We borrow bicycles from our hotel and start down the road, initially passing through the lush tropical foliage of Wailea, heading to the end of the road in La Perouse Bay, 7 miles (11 km) away.
As we leave Wailea and enter Makena, the land becomes more dry and arid, with beaches on one side of the road and dry forests on the other.
Road through Makena
Soon, we're riding along the Pacific, along rocky beaches and along sandy beaches.
Road along the Pacific
Beaches along the way
This area is the Ahihi-Kina'u Natural Area Reserve, maintained to allow turtles, seals, dolphins, and other native species to live wild without human disturbance.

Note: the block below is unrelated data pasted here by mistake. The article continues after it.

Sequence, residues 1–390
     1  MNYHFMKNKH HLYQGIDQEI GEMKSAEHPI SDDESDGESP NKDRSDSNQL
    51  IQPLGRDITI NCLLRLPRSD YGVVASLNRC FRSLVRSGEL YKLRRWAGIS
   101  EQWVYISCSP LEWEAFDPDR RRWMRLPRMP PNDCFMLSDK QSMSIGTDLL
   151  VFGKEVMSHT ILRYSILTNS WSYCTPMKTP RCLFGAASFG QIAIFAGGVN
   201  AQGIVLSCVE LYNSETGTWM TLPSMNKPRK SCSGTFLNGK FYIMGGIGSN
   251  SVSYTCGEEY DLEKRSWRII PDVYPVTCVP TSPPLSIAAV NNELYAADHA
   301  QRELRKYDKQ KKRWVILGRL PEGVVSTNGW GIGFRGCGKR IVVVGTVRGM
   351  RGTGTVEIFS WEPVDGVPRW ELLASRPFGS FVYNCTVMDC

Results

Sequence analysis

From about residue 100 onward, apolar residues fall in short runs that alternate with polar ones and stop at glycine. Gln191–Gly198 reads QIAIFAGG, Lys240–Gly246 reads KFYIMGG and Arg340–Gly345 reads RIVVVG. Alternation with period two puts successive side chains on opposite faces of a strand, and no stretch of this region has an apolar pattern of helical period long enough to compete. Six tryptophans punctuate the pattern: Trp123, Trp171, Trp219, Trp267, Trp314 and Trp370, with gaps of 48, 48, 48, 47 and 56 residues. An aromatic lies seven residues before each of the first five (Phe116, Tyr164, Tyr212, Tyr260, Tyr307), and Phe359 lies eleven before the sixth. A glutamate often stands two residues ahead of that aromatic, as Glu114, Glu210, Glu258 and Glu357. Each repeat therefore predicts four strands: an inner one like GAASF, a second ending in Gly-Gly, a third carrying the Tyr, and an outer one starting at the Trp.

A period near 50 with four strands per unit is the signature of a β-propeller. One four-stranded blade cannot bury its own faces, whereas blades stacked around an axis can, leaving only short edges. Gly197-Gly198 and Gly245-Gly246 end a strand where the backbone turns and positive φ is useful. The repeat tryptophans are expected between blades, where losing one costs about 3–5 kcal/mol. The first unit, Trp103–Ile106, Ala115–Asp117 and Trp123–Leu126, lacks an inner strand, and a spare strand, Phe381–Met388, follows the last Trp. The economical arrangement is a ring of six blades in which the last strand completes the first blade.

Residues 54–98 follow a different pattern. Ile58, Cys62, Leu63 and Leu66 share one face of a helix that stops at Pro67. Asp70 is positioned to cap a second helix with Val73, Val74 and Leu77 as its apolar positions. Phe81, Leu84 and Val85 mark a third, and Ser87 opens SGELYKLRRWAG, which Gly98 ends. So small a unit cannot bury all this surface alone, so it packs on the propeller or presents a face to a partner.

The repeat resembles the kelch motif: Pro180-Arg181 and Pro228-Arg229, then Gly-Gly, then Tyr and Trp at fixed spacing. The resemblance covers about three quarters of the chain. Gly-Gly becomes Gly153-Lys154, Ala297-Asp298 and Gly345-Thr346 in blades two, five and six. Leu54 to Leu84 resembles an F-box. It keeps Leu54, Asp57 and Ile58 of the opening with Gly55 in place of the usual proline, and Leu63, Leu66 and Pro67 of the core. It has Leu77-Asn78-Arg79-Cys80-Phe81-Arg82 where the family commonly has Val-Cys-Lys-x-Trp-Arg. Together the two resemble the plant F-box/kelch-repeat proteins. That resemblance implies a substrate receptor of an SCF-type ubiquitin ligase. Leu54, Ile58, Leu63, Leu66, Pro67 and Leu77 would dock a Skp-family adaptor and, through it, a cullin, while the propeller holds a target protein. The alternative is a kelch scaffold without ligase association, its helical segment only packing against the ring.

Natural Area Reserve
Past the reserve, we enter an area of volcanic lava fields, stretching out on both sides of the road, dark, dry, and desolate.
At the end of the road, we park our bikes and walk out to La Perouse Bay, beyond which is the closed-to-the-public part of the Natural Area Reserve. We are able to hike a bit through the lava fields to sandy beaches and regret not bringing our swimming wear.
La Perouse Bay
Path through the lava fields
Leading to small beaches
Along the way, we spot people snorkeling and spear fishing in the waters of the bay.
Enjoying time under water
Soon, we're back on our bikes, riding along the water back toward Wailea. But, along the way is a treat, as we stop at the Jazzy's Kitchen food truck, between Big Beach and Little Beach in Makena, for what are claimed to be the best fish tacos on Maui. We share Mahi Mahi tacos and shrimp tacos, resting the containers on our bicycle seats as we eat.
Back along the water
Fish/shrimp tacos for lunch
Soon, we're back at the Grand Wailea, where a passing storm makes for a spectacular sunset.